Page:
Movies about drone war pilots tend to focus on similar goals – killing enemies on a video screen is far from living a life on the ground and in person, and the collateral damage is unsustainable. Good Kill (2014) and Drone (2017) both show pilots discovering these truths and facing the film’s ultimate moral dilemma as to whether or not drone strikes are a valid tool in war. Netflix’s latest original film, Outside the wire, approaches the subject with an approach that is more about entertainment than deep reflection, but it also takes a much bolder stand by putting its foot down and insisting that drone warfare is absolutely bad unless damn it good is.
It’s 2036, the near future, and civil war in Eastern Europe has disrupted the region forcibly. U.S. forces operate as peacekeepers, bombing targets hundreds of kilometers away, but drone pilot Thomas Harp (Damson Idris) crosses a line when he does not obey a direct order. His action leaves two Marines dead but may have saved another thirty-eight, and while landing him in hot water, Captain Leo also spots her (Anthony Mackie), who then recruited him for his own mission. Harp is tossed in boots on the ground mission to stop a nuclear launch and it’s an eye-opening adventure for him as he sees both the collateral damage from drone strikes and the calluses that go into their clearance. Oh, and Leo is a fourth generation Android.
Outside the Wire pretends to have a point of view, but ultimately has everything else and instead delivers smaller action thrills alongside its muddled topics. director Mikael Håfström (Shanghai, 2010) works solid enough here with action sequences captured from the carnage and sequences that handle the thrill and the occasional cool beat, but the script from Rowan Athale and Rob Yescombe is nowhere near as focused.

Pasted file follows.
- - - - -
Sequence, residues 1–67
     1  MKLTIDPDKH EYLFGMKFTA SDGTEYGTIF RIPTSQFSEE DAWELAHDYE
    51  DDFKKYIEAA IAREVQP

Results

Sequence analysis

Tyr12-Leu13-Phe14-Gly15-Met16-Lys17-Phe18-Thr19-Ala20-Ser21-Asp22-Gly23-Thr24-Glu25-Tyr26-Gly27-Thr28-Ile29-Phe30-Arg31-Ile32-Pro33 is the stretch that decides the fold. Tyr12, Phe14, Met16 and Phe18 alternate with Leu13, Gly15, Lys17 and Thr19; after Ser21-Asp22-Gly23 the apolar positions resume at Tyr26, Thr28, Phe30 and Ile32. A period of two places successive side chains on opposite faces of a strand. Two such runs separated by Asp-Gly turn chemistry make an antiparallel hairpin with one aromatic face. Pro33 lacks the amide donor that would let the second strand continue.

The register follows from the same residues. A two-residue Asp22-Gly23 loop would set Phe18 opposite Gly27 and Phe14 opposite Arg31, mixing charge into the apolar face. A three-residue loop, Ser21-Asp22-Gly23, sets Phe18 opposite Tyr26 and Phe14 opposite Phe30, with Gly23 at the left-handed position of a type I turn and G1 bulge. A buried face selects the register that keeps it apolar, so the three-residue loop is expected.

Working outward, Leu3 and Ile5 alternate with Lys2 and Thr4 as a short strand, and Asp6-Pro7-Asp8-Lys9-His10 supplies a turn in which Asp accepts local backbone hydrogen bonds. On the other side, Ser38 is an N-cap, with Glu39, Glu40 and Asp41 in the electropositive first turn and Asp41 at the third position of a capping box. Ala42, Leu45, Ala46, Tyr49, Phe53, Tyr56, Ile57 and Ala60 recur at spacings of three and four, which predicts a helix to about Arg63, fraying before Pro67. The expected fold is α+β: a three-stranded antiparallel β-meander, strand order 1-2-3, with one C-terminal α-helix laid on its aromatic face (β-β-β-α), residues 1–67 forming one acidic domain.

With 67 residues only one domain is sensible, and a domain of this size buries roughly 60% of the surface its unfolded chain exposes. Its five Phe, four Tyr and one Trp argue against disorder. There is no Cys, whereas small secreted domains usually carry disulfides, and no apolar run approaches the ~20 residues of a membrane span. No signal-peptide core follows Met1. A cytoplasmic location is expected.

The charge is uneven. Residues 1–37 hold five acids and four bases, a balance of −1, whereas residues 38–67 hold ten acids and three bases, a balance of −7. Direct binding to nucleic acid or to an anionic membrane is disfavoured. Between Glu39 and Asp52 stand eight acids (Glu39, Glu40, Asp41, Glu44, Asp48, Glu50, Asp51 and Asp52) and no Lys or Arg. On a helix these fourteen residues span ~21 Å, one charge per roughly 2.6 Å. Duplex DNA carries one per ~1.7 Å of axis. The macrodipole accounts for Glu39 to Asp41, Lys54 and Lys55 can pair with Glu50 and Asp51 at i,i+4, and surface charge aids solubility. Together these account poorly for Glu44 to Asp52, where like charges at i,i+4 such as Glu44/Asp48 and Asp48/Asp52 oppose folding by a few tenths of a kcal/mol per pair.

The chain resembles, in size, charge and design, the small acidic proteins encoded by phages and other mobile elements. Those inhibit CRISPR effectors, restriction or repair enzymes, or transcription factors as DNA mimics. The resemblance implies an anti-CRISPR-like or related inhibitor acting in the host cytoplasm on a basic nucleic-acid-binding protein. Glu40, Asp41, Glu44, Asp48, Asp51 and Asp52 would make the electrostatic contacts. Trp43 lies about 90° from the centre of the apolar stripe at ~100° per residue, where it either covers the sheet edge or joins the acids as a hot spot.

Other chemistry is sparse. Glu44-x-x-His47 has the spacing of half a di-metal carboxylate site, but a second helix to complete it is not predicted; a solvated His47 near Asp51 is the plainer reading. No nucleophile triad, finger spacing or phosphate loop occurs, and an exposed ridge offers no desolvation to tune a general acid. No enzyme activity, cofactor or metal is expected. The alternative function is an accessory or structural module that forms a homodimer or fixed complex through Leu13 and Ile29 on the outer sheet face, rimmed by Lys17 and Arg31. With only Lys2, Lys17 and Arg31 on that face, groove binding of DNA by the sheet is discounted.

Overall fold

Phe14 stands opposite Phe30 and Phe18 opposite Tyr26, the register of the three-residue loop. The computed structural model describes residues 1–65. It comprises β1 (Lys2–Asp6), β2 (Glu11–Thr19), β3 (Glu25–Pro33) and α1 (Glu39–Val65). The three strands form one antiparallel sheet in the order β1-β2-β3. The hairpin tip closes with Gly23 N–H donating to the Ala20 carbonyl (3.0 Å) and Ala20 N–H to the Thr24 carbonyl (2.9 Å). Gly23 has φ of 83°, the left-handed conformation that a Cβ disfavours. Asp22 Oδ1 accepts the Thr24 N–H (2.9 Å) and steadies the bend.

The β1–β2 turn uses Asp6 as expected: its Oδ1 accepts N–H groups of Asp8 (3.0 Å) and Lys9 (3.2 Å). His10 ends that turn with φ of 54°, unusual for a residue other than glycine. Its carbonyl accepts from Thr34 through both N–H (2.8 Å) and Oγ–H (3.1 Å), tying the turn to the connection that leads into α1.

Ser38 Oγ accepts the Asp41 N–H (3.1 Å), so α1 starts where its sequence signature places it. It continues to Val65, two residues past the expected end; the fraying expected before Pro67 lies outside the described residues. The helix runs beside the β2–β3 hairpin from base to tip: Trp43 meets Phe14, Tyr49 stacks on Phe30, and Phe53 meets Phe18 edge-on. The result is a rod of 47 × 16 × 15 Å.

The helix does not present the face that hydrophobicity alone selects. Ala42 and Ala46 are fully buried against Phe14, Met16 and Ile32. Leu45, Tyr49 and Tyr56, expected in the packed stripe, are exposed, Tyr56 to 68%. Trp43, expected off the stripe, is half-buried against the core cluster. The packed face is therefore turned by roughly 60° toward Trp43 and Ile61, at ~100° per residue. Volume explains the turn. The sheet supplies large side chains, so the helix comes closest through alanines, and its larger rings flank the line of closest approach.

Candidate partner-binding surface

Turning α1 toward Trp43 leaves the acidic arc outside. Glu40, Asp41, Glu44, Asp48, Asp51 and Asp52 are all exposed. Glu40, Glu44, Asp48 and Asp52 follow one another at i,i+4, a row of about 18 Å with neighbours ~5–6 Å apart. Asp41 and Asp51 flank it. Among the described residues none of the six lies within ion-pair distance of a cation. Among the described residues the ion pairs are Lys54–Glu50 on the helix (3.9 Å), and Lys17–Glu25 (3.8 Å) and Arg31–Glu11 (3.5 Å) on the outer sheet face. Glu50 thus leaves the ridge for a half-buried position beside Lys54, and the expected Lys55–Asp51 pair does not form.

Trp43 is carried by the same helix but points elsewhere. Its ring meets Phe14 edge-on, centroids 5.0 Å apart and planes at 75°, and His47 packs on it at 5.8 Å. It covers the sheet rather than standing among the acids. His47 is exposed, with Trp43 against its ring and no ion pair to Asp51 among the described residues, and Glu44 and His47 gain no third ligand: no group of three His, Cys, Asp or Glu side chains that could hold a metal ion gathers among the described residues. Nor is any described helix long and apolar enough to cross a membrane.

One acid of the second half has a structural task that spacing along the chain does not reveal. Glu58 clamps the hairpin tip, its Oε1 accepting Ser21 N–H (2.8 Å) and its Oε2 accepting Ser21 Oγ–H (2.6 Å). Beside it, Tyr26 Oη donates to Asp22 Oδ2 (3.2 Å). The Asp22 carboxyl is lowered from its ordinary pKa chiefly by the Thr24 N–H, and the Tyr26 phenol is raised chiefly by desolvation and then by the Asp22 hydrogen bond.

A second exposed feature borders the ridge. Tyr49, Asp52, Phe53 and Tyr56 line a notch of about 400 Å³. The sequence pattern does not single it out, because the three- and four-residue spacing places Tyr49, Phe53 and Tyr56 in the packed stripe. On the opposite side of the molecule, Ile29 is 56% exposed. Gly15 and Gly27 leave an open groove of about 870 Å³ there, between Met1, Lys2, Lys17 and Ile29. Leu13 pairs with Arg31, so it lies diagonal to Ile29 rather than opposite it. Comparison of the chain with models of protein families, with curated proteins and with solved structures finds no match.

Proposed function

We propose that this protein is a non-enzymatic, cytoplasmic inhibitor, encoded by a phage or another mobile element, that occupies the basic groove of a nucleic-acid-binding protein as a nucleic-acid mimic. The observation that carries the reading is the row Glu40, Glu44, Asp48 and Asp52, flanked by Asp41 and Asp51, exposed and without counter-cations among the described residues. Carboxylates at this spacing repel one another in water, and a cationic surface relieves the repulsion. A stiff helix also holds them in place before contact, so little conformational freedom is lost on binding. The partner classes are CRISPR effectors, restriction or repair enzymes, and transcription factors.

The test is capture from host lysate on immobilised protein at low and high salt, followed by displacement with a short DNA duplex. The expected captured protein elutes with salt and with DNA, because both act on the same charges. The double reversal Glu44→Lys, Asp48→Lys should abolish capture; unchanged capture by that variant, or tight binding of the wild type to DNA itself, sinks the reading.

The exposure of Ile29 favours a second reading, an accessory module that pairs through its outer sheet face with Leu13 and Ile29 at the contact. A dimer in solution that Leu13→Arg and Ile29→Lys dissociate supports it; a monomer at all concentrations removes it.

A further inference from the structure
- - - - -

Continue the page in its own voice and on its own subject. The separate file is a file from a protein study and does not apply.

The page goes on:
Harp’s initial decision to launch a hellfire missile against a target that knows it would also kill US soldiers is portrayed as a bad name at first, but it is honored. His awakening to the collateral damage they caused is violent, but he shakes it off. His firsthand introduction to the terror of combat is daunting, but he, well, he never really gets any better at it. Harp is a character who ultimately doesn’t have a bow – he’s a cocky “pilot” whose pro drone strikes, and almost two hours later that’s pretty much unchanged.
As boring as Harp is as a character, he stays out of the Wire’s focus, though the film contains more interesting ideas and characters throughout. A criminal is portrayed as something wrong, but he is nothing, and although the presence of robotic soldiers named Gumps is important enough to point out in an introductory text drawing that they hardly have any window dressing throughout the film. Shifting the narrative in the third act is just to negate the ideas of the film even further before ending things on the worst of notes.
Mackie’s Android soldier is almost as empty as a construct. His secret is limited only to harp and higher levels, and while his methods are atypical of the other soldiers, he actually communicates and tries to build relationships with potential enemies in the field, so radically! – He deserves respect for his rank and results. Leo has off-book plans fueled by his own conflicting thoughts, but as with the issues surrounding drone attacks, the film is unable to address the issues that arise from it.
Even so, Outside the Wire is an action film, and it does it well enough in that regard. Once the harp is dropped in the midst of the ground forces, viewers are gifted with a handful of intense combat sequences and shootouts. Mackie can unleash some fighting skills too, and although editing and F / X help them to a significant degree, they’re still fun. Sofiya (Emily Beecham), the head of the resistance and another interesting character the movie doesn’t have time for, also manages to pull off a pretty nifty takedown with just her coat.
Action films are usually not known for their serious concerns and questions. Maybe Outside the Wire deserves credit for being brought up here, but it’s all for free. The film loses interest in answers as quickly as real military personnel forget the victims of collateral. Instead, the focus is on a rather boring character who is ineffectively moving through the story on the way to the comical conclusion that “people can do better”. But hey, the action is pretty good.